THE ROLE OF GENERAL PRACTITIONERS IN HOME OXYGEN THERAPY
SB Khoo FRACGP
Penang Medical College.
Address for correspondence: Dr Khoo Siew Beng, Department of Clinical Skills, Penang Medical College, No 4, Sepoy Lines Road, Penang 10450, Malaysia. Tel: 604-2263451, Fax: 604-2284285, E-mail: firstname.lastname@example.org
Conflict of interest: none
Recommendation of oxygen therapy must include clear indication and benefits of its use, appropriate prescription, vigilant monitoring and appropriate methods of delivery. Home oxygen therapy is expensive, inconvenient and cumbersome; it should be recommended only if benefits outweigh the disadvantages and adverse effects of oxygen. GPs play an important supportive and supervisory role in the use of long-term oxygen therapy (LTOT) to improve mortality of patients with chronic hypoxaemia. Prescription of short burst oxygen therapy (SBOT) for palliation of breathlessness is without clear evidence of its efficacy. GPs can prescribe SBOT when other secondary causes of breathlessness are excluded or treated, when breathlessness is not relieved by other treatments and if an improvement can be documented in patients.
Keywords: Long term oxygen therapy, short burst oxygen therapy, chronic hypoxaemia, breathlessness, palliationKhoo SB. The role of general practitioners in home oxygen therapy. Malaysian Family Physician. 2007;2(2):58-63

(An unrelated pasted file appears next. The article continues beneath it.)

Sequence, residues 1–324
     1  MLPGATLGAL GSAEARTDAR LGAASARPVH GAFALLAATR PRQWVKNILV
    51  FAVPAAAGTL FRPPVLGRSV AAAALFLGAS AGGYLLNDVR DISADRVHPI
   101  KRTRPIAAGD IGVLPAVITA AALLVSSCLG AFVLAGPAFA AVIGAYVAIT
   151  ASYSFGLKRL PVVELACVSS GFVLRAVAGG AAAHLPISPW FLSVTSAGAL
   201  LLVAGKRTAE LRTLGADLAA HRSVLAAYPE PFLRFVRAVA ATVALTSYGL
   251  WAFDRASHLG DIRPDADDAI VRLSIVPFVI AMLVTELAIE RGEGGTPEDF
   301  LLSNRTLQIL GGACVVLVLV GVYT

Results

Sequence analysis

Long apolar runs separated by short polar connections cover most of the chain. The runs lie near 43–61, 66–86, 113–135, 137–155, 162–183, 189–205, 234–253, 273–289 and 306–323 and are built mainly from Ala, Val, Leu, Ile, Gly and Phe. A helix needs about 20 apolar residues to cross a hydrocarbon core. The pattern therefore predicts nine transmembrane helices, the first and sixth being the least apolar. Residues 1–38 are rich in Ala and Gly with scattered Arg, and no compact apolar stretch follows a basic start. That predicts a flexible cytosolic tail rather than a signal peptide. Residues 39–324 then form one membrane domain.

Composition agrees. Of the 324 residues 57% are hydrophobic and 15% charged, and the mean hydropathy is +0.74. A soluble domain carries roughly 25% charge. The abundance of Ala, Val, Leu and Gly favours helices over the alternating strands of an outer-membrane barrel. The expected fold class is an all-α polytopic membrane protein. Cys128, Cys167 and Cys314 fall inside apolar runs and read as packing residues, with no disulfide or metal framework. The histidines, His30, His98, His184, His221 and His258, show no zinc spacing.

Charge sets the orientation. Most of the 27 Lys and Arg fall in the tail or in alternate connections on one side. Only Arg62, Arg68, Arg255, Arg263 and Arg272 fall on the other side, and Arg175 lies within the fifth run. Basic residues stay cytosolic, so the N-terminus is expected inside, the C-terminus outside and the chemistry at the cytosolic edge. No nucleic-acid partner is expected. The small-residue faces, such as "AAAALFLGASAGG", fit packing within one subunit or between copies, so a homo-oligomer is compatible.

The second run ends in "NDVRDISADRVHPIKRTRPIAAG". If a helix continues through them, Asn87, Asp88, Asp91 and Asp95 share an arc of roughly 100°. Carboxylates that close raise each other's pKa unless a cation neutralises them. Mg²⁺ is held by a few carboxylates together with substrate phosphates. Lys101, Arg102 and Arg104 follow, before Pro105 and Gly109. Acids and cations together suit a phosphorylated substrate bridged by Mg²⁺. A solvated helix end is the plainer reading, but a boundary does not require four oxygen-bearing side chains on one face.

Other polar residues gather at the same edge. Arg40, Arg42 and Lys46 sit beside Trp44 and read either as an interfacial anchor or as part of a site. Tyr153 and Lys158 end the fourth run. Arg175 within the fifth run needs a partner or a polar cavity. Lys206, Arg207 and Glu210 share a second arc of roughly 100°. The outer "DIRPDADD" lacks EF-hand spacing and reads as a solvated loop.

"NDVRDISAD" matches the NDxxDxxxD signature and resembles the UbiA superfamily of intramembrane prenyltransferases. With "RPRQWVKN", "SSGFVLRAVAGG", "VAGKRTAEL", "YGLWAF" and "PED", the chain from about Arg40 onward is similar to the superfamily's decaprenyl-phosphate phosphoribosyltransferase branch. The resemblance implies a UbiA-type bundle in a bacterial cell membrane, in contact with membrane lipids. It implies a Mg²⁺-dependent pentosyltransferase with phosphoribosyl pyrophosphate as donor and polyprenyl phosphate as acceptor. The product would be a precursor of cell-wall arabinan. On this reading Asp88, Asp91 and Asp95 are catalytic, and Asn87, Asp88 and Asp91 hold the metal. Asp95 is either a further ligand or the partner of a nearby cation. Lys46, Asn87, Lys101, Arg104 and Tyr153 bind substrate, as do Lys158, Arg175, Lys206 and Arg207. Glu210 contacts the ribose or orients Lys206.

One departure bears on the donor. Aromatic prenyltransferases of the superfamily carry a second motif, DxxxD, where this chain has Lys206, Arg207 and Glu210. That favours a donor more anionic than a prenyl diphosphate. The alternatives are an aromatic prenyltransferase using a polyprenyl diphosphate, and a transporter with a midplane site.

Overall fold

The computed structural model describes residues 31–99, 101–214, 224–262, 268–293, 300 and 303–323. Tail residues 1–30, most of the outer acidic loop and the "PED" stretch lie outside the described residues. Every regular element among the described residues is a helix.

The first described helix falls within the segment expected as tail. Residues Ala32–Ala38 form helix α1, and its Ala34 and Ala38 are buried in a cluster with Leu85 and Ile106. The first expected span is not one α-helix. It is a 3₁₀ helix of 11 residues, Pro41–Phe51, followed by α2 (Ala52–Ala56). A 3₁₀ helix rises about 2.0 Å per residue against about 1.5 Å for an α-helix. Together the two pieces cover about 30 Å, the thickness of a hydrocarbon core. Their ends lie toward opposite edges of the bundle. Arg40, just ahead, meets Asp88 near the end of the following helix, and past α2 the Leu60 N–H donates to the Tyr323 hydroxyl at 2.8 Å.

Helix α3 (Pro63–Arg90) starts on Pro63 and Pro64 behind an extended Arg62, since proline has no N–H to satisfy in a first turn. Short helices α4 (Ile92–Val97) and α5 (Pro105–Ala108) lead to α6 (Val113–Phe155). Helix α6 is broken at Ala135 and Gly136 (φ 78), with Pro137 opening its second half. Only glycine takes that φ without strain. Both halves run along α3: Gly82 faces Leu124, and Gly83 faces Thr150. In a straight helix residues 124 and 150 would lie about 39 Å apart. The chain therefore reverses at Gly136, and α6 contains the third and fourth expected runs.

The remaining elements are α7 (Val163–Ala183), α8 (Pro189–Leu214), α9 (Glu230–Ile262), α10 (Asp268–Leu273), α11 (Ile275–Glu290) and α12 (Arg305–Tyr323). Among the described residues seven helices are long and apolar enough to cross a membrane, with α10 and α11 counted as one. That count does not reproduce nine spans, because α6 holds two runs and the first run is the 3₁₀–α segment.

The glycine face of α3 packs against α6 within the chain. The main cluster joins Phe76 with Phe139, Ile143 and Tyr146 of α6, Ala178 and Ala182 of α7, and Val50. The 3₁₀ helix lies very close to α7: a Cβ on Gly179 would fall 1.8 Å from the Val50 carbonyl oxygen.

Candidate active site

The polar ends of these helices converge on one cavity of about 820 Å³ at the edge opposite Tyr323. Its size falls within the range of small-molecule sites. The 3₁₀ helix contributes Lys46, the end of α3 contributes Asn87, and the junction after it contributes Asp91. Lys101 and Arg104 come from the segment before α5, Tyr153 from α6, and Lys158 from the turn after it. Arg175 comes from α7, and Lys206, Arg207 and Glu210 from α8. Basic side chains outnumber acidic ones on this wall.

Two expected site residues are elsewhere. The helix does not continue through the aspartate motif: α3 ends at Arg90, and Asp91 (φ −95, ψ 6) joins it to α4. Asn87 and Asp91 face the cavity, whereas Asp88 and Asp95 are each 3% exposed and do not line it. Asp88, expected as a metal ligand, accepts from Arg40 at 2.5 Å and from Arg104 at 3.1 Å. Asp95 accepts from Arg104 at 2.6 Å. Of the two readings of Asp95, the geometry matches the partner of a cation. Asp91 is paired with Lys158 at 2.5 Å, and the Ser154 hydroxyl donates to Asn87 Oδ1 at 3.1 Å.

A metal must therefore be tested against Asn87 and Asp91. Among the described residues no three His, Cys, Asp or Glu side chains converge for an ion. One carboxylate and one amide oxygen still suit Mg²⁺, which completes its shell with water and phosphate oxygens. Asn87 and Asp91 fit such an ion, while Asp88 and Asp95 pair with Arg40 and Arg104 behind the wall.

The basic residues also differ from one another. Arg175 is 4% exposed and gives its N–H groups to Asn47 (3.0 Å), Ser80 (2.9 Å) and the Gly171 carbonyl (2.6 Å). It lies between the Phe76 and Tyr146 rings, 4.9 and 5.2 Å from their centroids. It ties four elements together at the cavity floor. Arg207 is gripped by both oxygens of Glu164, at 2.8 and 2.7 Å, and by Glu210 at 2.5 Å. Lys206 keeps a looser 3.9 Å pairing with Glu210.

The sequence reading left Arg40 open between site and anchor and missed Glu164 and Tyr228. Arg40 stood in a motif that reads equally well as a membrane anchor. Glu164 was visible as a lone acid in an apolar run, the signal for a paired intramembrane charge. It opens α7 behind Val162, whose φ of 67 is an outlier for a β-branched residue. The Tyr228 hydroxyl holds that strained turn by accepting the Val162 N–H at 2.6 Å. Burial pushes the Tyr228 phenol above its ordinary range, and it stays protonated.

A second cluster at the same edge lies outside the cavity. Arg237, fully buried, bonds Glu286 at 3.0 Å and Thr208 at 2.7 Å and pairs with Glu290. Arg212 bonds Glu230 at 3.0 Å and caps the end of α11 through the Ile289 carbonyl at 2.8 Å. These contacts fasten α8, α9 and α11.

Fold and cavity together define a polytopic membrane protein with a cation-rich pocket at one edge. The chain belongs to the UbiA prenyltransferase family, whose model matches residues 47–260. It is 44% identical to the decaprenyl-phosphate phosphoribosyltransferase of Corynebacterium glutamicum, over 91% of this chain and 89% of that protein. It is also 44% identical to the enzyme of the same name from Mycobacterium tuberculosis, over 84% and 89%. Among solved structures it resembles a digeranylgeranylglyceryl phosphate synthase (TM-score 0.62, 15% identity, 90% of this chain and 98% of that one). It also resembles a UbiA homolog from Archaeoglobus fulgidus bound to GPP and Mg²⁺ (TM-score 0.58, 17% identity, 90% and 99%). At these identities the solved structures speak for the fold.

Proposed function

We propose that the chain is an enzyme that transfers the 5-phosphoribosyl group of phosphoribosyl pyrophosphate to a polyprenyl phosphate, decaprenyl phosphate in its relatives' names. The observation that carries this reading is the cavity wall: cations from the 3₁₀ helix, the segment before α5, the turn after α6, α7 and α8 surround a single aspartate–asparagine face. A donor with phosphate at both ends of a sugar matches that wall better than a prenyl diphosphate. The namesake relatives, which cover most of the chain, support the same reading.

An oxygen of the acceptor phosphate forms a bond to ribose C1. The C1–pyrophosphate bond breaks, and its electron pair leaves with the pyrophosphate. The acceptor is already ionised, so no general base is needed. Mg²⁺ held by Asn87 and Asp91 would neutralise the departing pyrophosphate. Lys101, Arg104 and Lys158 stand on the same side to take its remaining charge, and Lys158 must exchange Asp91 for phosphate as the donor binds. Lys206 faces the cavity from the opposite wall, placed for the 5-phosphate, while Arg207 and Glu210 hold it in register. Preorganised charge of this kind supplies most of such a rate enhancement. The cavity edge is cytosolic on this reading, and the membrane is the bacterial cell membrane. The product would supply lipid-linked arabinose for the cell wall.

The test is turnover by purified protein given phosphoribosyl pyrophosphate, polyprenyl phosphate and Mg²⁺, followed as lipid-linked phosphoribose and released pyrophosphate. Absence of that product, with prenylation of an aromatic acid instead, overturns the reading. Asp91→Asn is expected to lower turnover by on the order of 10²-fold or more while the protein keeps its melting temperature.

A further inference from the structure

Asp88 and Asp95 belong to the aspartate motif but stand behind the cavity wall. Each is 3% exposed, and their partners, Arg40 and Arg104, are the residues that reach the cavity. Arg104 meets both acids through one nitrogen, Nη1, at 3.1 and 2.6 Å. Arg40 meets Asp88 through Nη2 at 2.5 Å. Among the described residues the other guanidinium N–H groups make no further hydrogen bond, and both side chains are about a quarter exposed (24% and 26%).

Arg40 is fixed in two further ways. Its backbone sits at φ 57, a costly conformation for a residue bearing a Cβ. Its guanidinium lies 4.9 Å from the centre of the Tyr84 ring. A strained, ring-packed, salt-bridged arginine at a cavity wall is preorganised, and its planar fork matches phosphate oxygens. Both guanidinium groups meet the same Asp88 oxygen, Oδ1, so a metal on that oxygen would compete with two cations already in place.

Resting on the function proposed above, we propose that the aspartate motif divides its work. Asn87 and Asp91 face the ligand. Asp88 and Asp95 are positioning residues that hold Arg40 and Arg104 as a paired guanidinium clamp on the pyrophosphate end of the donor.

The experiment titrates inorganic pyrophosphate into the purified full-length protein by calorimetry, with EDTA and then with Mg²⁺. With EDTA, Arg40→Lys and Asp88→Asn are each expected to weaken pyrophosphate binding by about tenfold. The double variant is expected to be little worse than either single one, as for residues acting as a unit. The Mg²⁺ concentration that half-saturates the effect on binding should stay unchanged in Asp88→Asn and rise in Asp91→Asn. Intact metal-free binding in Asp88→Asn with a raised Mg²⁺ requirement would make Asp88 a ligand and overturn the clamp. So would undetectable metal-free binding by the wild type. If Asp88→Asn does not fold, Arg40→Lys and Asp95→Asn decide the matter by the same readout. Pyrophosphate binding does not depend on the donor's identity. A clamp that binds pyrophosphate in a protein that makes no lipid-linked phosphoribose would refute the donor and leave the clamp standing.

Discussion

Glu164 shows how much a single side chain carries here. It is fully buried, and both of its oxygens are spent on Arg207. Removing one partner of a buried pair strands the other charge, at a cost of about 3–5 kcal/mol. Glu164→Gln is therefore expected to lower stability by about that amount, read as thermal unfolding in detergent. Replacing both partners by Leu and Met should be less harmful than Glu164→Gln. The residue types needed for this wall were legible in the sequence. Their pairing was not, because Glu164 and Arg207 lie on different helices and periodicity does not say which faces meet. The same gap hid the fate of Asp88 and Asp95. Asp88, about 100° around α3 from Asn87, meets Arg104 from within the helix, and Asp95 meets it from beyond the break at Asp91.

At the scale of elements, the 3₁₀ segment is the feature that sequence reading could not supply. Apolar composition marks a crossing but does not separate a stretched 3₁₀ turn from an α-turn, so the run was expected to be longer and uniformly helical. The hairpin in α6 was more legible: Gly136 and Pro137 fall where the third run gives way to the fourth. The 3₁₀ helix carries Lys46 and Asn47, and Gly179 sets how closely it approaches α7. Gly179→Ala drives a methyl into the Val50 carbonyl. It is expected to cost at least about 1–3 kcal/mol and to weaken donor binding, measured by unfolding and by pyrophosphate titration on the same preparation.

Oxygen is a powerful symbol of medical care that is probably more important than its actual therapeutic value in the relief of breathlessness.1 It is widely available and commonly prescribed by medical and paramedical staff but is often given without careful evaluation of its potential benefits and side effects. Like any drug therapy there must be clear indications for treatment with oxygen, appropriate prescription, vigilant monitoring and appropriate methods of delivery.2
Table 1. Terminology of home oxygen therapy
The following laboratory values, obtained while breathing ambient air:
|Long Term Oxygen Therapy (LTOT)||Provision of oxygen therapy for continuous use at home for patients with chronic hypoxaemia. The flow rate must be sufficient to raise the waking oxygen tension in adults to above 60mm Hg. It is usually given for at least 15 hours daily, to include nighttime.|
|Short Term Oxygen Therapy||Similar use as in LTOT but only for a brief period of 1-3 months during unstable clinical condition such as those following acute episodes of pneumonia or attacks of COPD.|
|Short Burst Oxygen Therapy (SBOT)||Intermittent use of supplemental oxygen at home usually for periods of about 10-20 minutes at a time to relieve breathlessness.|
|Ambulatory Oxygen Therapy||
Provision of oxygen therapy during exercise and activities of daily living.
Note: In the literature Long Term Oxygen Therapy (LTOT) is often used as a synonymous of Continuous Oxygen Therapy (COT) and Home Oxygen Therapy (HOT)
Home oxygen therapy is an effective but potentially expensive and inconvenient intervention. It should be prescribed only for patients in whom there is evidence of benefit, such as those whose disability relates to a chronic reduced arterial oxygen concentration (chronic hypoxaemia).3 In the absence of hypoxaemia, oxygen therapy is less likely to be useful except for cluster headache.3 Reasons for inadequate or inappropriate use of home oxygen therapy may be partly due to professional knowledge and behaviour.4
It is important to understand the terminology used in home oxygen therapy (Table 1 and Figure 1).
Figure 1. Terminology of home oxygen therapy5,6
(click here the chart to see an larger chart)